Quick Takes: Ichi the Killer, The Legend Is Born: Ip Man, John Wick

ichiIchi the Killer [殺し屋1] (1994)
threehalfstar

Starring Tadanobu Asano, Nao Omori, Shin’ya Tsukamoto, Paulyn Sun, Susumu Terajima, Shun Sugata, Toru Tezuka, Yoshiki Arizono, Kiyohiko Shibukawa, Satoshi Niizuma, Suzuki Matsuo, Jun Kunimura
Directed by Takashi Miike

Ichi the Killer is the third feature I’ve seen from Takashi Miike, and damn he’s good. A film like this that’s so incredibly bloody and violent, but yet the main takeaway is the need for a deep intellectual discussion… that’s hard to pull off. It ultimately felt like Miike had crafted a film that wonders about the people who watch these kinds of films (or violent, “negative” media in general) with an armchair bloodlust. This all seemed to hinge on one small moment during the finale when a character in extreme peril looks directly into the camera with intense fear, while that same camera is presenting a first-person view from the character instilling this fear in the other. In any case, this is definitely not a film for the squeamish, as it’s one hell of an extreme, sadistic bloodbath. Audition may have gotten the “this movie is so crazy and shocking” press, but Ichi the Killer is a million times worse than Audition. The nipple scene is sheer torture! I literally pushed my chair back as far as it would go, cringed and repeated “Goddamn!” in a whisper for the next 30 seconds or so. Good stuff.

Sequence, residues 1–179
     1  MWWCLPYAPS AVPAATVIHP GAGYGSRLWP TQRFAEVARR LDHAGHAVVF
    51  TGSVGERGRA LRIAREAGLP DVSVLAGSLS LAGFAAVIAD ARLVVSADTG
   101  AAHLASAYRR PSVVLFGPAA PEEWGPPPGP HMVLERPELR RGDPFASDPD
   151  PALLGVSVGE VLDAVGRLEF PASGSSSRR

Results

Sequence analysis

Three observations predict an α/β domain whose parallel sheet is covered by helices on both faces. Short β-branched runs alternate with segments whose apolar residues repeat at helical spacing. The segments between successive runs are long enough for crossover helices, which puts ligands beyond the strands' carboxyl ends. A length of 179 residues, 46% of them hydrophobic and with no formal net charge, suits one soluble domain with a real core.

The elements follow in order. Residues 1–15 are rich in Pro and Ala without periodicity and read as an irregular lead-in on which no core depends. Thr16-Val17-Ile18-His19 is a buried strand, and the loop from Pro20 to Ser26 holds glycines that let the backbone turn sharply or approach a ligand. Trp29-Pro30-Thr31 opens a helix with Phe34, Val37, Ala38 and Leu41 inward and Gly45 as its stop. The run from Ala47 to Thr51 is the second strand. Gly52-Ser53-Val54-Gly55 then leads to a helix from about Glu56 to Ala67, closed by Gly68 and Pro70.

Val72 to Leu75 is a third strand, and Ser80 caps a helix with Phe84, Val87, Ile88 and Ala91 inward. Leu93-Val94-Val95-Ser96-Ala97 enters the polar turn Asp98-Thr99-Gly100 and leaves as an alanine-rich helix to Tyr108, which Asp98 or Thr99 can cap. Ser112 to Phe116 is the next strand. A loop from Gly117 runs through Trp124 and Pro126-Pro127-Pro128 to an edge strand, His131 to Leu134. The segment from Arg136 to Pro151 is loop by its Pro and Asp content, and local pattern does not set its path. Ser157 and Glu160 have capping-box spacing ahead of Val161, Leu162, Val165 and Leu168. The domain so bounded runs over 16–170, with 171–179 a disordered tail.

TheLegendIsBornIpMan+2010-3-bThe Legend Is Born: Ip Man [葉問前傳] (2010)
AKA Ip Man Zero
threestar

Starring Dennis To, Crystal Huang Yi, Xu Jiao, Hins Cheung King-Hin, Fan Siu-Wong, Yuen Biao, Lam Suet, Yip Chun, Bernice Liu Bik-Yi, Sire Ma Choi, Rose Chan Ka-Wun, Sammo Hung
Directed by Herman Yau

I initially avoided The Legend Is Born: Ip Man out of respect for the original Ip Man films. I didn’t want to see any watered-down knock-offs. But then it occurred to me that it was no different than all the Brucesploitation films that are a lot of fun, so I plunged in head-first, hoping it wouldn’t be as trashy as a you might expect a knock-off to be. And, you know, it actually felt more respectful of Ip Man’s legacy than Ip Man 2 was! The Legend Is Born even features Ip Man’s son, Ip Chun, in a wonderful role as an elder student of Wing Chun that has developed a more refined and varied approach to the fighting style that revolutionizes Ip Man’s way of thinking. This reminded me greatly of Bruce Lee’s Jeet Kune Do style, and if this section of the film was truthful to Ip Man’s life, then I imagine it was this spirit of openness to other styles and ways of thinking that he would later pass on to Bruce. I loved the focus on Wing Chun in The Legend Is Born, and it’s definitely one for Hong Kong fans to watch. In some ways it actually felt like an older-style kung fu film that is generally no longer made, and you know that kind of thing is a quick way to my heart. And it has Yuen Biao and Sammo Hung in supporting roles!

johnwickJohn Wick (2014)
AKA Sin Control, John Wick: Sin Control

twostar